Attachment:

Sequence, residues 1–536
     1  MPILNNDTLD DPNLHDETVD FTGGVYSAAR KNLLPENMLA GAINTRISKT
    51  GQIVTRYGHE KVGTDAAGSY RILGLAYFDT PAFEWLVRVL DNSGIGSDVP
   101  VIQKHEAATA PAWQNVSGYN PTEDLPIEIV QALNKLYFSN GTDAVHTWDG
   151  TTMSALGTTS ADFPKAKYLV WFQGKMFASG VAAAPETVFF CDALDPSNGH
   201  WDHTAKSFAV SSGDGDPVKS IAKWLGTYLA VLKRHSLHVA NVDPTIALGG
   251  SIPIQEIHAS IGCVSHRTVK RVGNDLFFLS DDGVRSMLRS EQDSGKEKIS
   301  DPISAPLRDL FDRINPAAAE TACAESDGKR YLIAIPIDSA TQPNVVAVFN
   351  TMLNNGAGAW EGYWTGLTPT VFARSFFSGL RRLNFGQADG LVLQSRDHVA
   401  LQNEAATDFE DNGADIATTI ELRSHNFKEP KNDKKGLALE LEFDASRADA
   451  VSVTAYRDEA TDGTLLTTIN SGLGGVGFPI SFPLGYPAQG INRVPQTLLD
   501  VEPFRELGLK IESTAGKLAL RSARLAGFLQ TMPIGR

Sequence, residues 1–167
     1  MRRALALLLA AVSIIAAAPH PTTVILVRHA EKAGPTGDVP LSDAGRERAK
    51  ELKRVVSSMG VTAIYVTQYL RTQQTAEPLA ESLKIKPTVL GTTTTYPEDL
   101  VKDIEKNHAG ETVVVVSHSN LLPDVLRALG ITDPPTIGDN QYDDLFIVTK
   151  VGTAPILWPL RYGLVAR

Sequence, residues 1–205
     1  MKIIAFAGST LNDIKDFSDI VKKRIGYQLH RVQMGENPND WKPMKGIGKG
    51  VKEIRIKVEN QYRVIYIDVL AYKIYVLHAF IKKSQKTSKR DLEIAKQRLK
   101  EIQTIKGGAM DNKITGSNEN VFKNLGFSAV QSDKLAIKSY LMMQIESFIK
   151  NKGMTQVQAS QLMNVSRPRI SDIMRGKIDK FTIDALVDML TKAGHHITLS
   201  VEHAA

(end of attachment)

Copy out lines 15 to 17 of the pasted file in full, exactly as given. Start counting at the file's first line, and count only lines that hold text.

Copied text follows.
    51  ELKRVVSSMG VTAIYVTQYL RTQQTAEPLA ESLKIKPTVL GTTTTYPEDL
   101  VKDIEKNHAG ETVVVVSHSN LLPDVLRALG ITDPPTIGDN QYDDLFIVTK
   151  VGTAPILWPL RYGLVAR